Bring colour to the table with our round-up of the top books devoted to what really makes us happy – good food
Words Catherine Coyle
Street Food Scotland by Ailidh Forlan
Best known for her food review Instagram Plate Expectations, food critic and writer Ailidh Forlan has travelled all over Scotland, searching out the best street food the country has to offer. Rooted in her belief that food is as much about the people who make it (and eat it) as it is about the raw ingredients themselves, she celebrates cultural tastes by area, giving us a personal travelogue peppered with anecdotes, vendor profiles and a smattering of recipes to try out at home. This is one to inspire a road trip, featuring delicious pit stops.
£20, Black & White Publishing
Greenfrest by Nigel Slater
When it comes to simple, satisfying meals, Nigel Slater’s cookbooks, including his latest, Greenfeast, are crammed with the kind of seasonal and straightforward plates that even amateur cooks will be able to handle. Here, focused on autumn and winter, the award-winning writer has compiled 110 plant-based meals that stem from his own personal ‘little black book’ of daily dishes that he jots down religiously every single day. They are moreish and flavoursome and perfect fuel for the colder months of the year.
£22, 4th Estate
365: A Year of Everyday Cooking and Baking by Meike Peters
Embracing the seasons to determine what you cook is a pretty failsafe idea. Using ingredients that are available and in their prime, whether that’s summer berries or winter root veg, makes for fresher, healthier, more environmentally friendly meals. Meike Peters has made it simple, detailing a different recipe for every day of the year. With German and Mediterranean flavours running throughout the collection, this is hearty food that makes ‘homemade’ an easy, everyday option guided by nature.
Alpine Cooking by Meredith Erickson
Since spending seven years traversing the length and breadth of the Alps, Meredith Erickson has produced a cookery book that celebrates the wonderfully adventurous places, people and menus she encountered. The acclaimed food writer has collected 80 recipes, along with tales, wine recommendations and hot spots to hit, in this country-by-country guide that is both cookbook and travelogue. If you’ve ever wondered where to get the best schnitzel or how to knock up a quick fondue, you’ll find ideas and anecdotes here that will have you dreaming of heading for the mountain tops.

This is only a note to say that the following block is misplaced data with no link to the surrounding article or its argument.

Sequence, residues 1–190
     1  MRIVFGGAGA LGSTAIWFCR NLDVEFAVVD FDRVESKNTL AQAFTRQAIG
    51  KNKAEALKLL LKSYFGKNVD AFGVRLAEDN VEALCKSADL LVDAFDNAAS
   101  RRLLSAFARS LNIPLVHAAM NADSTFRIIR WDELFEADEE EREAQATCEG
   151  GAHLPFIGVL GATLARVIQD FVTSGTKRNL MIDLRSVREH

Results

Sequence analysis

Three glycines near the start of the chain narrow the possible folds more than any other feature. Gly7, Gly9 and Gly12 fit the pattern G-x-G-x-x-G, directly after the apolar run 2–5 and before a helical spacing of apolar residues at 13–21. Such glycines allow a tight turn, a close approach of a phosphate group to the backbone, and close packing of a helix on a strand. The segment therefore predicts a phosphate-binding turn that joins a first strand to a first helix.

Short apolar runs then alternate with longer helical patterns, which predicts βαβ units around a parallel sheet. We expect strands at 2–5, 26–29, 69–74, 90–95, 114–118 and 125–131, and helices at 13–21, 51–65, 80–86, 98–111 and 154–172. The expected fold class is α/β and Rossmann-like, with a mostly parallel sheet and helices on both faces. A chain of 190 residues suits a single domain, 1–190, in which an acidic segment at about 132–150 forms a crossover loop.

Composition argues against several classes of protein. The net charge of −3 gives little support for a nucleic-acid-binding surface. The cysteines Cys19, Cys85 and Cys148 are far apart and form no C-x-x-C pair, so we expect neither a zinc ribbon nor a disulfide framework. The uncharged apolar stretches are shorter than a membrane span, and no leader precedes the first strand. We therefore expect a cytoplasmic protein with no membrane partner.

£40, Ten Speed Press
From the Oven to the Table by Diana Henry
Diana Henry’s latest cookbook is a collection of recipes that exemplify what she claims is her favourite way to cook – filling a roasting tin with vegetables and letting the oven do the rest. There’s a little more to it than that, of course: Henry has a distinct aptitude both for flavours and for winning combinations, but her real skill here is in making these accessible to time-starved, hungry cooks in search of wintry, seasonal inspiration. There’s a wealth of quick post-work dinners, superlative suppers with friends and weekend ideas for when you’ve got a bit more time on your hands.
£25, Mitchell Beazley
Delicious Wintertime by Markus Sämmer
Split into sections that cover most wintry eventualities (campfire recipes, thermos fillers, trail food and at home options), the meals in Markus Sämmer’s appetising cookbook are as much about coming together with friends, family and nature as they are about hearty comfort food. Sämmer, a chef, author and former ski instructor, weaves adventure with tried-and-tested takes on classic winter fare such as dumplings, homemade liqueurs and slow-cooked stews that’ll warm you up whether you’re snow-bound in a chalet or just at home on a dreich January day.